On the face of it, the Lower East Side Gallery scene in Downtown Manhattan seems to defy economic logic. Those spare white storefronts exist, somehow, in one of the most expensive retail areas on the planet without much visible inventory, client base, or clear income. Yet they persist, with more seeming to pop up every day.

The most recent addition to the neighborhood is the Richard Taittinger Gallery on Ludlow Street, which had its opening reception last night, March 3. The 34-year-old founder of the eponymous gallery was kind enough to share with us the steps he took to create his own glistening cube from scratch, and what he’ll need to do to keep it going.

In 2005, Taittinger (his great grandfather founded the champagne house Taittinger) moved from France to New York, a city he calls “energetic but tough.” After stints at the auction house Phillips de Pury and the Paris-based Galerie Almine Rech, Taittinger opened his own art consultancy business in 2010, at which point he made his first solid step toward opening a gallery. By advising aspiring collectors on which artists to patronize and artworks to buy, he was able to develop a loyal client base that trusted his taste implicitly.

“It started with friends,” he said the day of the gallery opening, as a team of a dozen carpenters worked to finish construction and simultaneously hang the art before the 6 p.m. reception. “They came to me when I started to work in the art world. … ‘Should I buy this one? Should I buy that one?’” Eventually, he says, “most of the time my job was to tell my friends not to buy something, rather than what to buy.”

After developing a core group of followers, Taittinger set out to find a decent storefront, initiating phase two of the gallery-opening process. With his own exhibition space, he could graduate from being a mere middleman—forced to negotiate among artists and dealers and collectors—to finally representing artists on his own terms.

The process took two years. He began by eliminating some of the more expensive possibilities. “Unless you have $20 million, Chelsea doesn’t make sense,” he says. Instead, he settled on Chinatown or the Lower East Side.

“I sent three interns to go out and post signs on the street, ‘Looking for Space, 5,000 Square Feet,’” Taittinger says. He got a friend in China to write a classified ad in Mandarin to request vacant retail space in Chinatown. Finally, last September, an agent in Long Island City told him that a building that is “column-free, 20-foot ceilings, and the same block as [the long-rumored new location of] Soho House,” was available. Taittinger made an appointment immediately. A few weeks later he’d closed on a 15-year lease for $25,000 per month.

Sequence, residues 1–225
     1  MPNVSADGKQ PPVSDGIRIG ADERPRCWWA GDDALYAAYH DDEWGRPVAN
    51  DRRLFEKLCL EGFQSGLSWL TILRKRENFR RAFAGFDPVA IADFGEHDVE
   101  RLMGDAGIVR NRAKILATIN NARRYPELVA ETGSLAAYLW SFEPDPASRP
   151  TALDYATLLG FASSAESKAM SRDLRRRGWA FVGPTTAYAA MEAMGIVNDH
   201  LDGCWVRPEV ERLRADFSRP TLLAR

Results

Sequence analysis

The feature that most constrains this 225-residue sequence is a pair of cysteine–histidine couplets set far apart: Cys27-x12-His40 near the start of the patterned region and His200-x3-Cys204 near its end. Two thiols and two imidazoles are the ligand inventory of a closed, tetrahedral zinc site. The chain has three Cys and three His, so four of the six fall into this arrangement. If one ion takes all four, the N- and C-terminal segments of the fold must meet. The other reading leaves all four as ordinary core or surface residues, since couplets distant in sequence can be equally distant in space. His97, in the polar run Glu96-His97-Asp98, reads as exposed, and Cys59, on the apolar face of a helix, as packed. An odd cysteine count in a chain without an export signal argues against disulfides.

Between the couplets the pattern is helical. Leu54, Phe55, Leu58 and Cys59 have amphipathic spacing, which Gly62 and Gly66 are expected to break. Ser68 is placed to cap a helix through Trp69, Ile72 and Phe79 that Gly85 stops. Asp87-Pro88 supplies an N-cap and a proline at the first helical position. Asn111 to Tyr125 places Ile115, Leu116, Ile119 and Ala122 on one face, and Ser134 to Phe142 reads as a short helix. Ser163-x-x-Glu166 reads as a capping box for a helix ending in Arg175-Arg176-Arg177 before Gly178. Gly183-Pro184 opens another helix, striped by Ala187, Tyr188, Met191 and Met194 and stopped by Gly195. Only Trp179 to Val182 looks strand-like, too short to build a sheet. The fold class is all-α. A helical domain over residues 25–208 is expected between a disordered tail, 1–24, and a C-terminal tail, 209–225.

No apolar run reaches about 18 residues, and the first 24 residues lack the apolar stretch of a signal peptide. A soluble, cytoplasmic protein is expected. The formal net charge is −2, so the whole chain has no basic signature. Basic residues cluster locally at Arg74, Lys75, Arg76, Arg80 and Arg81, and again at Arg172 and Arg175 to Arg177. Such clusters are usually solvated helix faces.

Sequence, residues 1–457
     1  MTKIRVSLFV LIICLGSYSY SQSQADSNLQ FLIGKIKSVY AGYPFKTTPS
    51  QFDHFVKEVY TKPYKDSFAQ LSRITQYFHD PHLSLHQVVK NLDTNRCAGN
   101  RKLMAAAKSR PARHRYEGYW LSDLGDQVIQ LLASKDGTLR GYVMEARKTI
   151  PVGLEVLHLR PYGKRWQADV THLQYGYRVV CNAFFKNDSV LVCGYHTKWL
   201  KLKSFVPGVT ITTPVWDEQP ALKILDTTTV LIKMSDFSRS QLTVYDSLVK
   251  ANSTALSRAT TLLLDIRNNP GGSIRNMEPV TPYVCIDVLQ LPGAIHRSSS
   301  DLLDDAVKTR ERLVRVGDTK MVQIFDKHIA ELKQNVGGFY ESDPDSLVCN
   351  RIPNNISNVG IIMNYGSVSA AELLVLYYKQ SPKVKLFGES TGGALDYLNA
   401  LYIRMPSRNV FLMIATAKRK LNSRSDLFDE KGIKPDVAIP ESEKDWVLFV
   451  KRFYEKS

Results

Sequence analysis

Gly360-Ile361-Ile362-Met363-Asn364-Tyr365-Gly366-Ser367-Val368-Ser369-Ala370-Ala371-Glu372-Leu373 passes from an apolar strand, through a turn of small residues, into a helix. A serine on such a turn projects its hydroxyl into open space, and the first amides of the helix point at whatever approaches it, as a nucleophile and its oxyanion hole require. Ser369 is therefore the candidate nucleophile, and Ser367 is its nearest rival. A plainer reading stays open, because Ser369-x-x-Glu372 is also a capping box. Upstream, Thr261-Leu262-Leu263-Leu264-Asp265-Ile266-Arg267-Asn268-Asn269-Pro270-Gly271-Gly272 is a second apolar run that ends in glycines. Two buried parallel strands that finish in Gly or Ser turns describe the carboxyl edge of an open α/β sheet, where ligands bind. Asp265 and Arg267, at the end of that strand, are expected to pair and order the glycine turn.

The building was formerly a famous downtown music venue called Living Room, which had sat empty for more than a year and required major renovations. Taittinger got five estimates for the construction work—the highest was $1.5 million—and settled on the lowest, $500,000.

Next came finding artists for the gallery. He’d already established relationships with a variety of international artists; the gallery’s focus, he says, is highlighting international artists who’ve been overlooked by American collectors. “Especially when you’re coming from an auction side, they say you should just do paintings” in a new gallery that hopes to make money, Taittinger says. “But I don’t think about it that way, I think about how important the artist is, or will become, within art history.” Most of the artists he has found are represented outside the U.S., like Chinese artist Ding Yi, whose work sells for hundreds of thousands of dollars, primarily at auctions in Beijing and Hong Kong. For whatever reason, the artists Taittinger has found haven’t made it to the New York art market. His first show, which runs through March, includes work by Haluk Akakce, a contemporary artist from Turkey, Recycle Group, a Russian art collective, and Theo Mercier, a Paris-based artist who was hanging a series of disfigured masks in the background as Taittinger spoke.

Taittinger employs five people, including a gallery director whom he considers a partner in the endeavor (though of course, partnership implies parity, and Taittinger is his boss). It’s not a large team, but it’s enough people to organize the paperwork and negotiations and handle logistical hurdles necessary to hang what he says will be a new show every month.

“When you open a gallery, you have a different game plan; ours was to start with a group show,” he says. Most of the art in the first show is for sale, at prices from $15,000 to $200,000. “The price range will increase in the future,” he says. “There are artists who are a second wave.”

Taittinger says he has already sold five of the artworks ahead of the opening, though he won’t say which. For now, he’s simply thrilled that it has all come together—and that brings us to the final phase: creating a sustainable business model. It could cost up to $100,000 a month to run a small gallery like Taittinger’s, including salaries, rent, insurance and other expenses—which means the pressure is high to sell through monthly shows of work costing $15,000-$200,000.

“It’s like, yes, I’m from this special family,” he says. “But I’m not by myself. I have partners. And collectors. These people decided to be with me. This is a long-term process.” It is not, in other words, a flight of fancy. There’s a lot of money, responsibility, and yes, pride riding on his gallery’s success. “It’s an opportunity, a reason to work harder and harder,” he says. “I want my siblings and my family to be proud.”


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